Virtual Card Supplier Acceptance
July 6, 2020
By Raj Dutt
This article originally appeared in Payments Journal
February 3, 2017
It’s called a soft skill, but the hard truth is that the success of any virtual card implementation depends on the communications required for effective supplier acceptance. This includes communication between the bank and the buying organization, between the bank and buyer and the supplier, and, equally critically, within the buying organization itself.
But one-way communications is not enough; if supplier acceptance campaign is to work, bank and buyer must do more than issue periodic edicts to external and internal audiences. They must be prepared to listen and respond to the concerns of these audiences. Finally, banks and buying organizations must approach communications strategically. They must develop a communications plan and revisit and refine that communications plan periodically.
Selecting and Segmenting Strategic Suppliers
Supplier acceptance planning begins with a conversation, when buyers and sellers come together to select those suppliers whom the buyer will contact personally about conversion to virtual card. These are the suppliers with whom the buyers have the strongest relationships—most often their largest suppliers. To develop this list, buyers should come to the table only after polling procurement and other internal customers to identify these strong relationships.
For their part, banks should prepare for the conversation by determining as best they can those suppliers who are currently accepting virtual card or, at the very least, credit card, making them most likely to convert from check. This information can help buyers segment and prioritize the list of strategic suppliers.
How wide to cast the net when defining strategic suppliers depends on the resources the buyer can devote to making personal contacts. Buyers can delegate responsibility to their banking colleagues for reaching out to the bulk of the suppliers, but there is no substitute, in terms of acceptance, for a one-to-one conversation with a supplier.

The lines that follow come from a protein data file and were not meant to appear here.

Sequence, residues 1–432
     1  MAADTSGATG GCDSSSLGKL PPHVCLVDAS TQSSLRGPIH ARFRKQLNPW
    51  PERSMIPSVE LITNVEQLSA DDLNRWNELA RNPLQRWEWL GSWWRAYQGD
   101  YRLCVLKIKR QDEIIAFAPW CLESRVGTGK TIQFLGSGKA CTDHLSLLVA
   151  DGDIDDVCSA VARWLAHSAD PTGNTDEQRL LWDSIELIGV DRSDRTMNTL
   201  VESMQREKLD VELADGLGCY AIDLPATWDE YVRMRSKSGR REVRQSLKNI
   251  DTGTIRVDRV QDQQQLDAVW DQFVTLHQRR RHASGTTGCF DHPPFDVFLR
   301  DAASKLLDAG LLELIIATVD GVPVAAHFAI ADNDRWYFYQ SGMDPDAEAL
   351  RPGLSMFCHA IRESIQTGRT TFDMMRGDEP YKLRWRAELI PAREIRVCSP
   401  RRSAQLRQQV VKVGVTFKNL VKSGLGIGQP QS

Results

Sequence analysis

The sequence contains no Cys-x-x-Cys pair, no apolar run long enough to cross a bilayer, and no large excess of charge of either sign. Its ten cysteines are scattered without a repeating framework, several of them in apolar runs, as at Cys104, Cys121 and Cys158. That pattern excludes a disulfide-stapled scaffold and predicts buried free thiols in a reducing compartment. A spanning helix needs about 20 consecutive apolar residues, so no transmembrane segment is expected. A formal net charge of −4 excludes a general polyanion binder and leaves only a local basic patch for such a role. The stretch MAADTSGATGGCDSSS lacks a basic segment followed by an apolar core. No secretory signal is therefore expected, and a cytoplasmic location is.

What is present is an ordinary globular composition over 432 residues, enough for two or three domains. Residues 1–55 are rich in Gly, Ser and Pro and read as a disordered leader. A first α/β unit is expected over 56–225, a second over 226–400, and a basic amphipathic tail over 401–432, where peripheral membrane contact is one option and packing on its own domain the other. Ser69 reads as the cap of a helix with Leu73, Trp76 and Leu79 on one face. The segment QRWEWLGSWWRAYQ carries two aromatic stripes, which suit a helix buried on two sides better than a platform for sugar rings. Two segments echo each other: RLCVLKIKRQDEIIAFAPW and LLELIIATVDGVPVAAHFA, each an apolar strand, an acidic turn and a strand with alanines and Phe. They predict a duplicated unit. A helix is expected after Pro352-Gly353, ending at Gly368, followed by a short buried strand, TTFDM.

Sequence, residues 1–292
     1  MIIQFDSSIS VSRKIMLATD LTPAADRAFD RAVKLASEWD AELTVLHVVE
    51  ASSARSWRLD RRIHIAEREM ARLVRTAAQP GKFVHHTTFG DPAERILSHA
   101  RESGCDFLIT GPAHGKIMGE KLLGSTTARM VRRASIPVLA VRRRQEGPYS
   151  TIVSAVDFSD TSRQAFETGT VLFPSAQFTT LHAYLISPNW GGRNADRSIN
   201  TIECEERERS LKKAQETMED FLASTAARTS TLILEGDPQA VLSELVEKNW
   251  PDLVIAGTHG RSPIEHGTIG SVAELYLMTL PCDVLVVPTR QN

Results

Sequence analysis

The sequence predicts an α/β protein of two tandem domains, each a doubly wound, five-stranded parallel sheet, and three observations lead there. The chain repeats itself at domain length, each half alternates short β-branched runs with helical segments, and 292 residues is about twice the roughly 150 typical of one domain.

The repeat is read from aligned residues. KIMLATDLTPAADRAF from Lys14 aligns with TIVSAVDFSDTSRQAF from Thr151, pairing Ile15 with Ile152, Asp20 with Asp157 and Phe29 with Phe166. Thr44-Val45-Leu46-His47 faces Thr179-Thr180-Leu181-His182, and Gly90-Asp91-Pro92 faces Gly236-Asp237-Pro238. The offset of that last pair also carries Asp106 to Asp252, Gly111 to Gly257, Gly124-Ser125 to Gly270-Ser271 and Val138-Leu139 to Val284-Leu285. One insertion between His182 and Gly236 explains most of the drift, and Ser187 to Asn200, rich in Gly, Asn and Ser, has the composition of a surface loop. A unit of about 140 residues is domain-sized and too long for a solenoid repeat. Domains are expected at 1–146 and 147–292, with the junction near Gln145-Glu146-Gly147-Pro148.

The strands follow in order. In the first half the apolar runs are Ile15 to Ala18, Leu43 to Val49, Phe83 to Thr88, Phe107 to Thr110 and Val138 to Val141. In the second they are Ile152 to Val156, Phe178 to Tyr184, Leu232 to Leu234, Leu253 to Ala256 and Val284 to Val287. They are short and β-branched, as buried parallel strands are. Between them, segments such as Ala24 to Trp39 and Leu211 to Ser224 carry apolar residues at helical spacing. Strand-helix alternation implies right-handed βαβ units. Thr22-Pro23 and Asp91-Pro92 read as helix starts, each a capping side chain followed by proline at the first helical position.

Developing a Script as the Starting Point for a Conversation
Once a buying organization selects its strategic suppliers, the next step is to define a consistent set of messages. Everyone in the buying organization assigned to reach out to his or her supplier counterpart should be armed with the same set of talking points. They should have the freedom to tailor the way they emphasize the benefits of accepting virtual card based on their knowledge of a particular supplier. However, suggesting new benefits is off limits, since the buyer may not be in a position to honor them. Buyers should turn to banks to help them develop their pitch.
These scripts typically are divided into three parts:
1. The buying organization begins by couching the discussion broadly in terms of what it is trying to achieve; for example, automating its accounts payable processes or changing its payment processes. Buyers might ask suppliers to consider helping them meet these objectives.
2. Buyers then introduce virtual card as a means to that end, asking suppliers to accept them going forward and stressing such benefits as elimination of delayed or lost checks and reduced check-processing costs. One of the most compelling benefits for suppliers is quicker access to funds. To emphasize this benefit, buyers should take advantage of the grace period built into the virtual card billing cycle to issue virtual card payments even sooner after receipt of invoice than they would normally issue checks.
3. Finally, buyers describe how the virtual card system works, emphasizing that accepting virtual card payments is quick, easy, and secure. If the supplier already accepts card, there is no need to discuss merchant fees.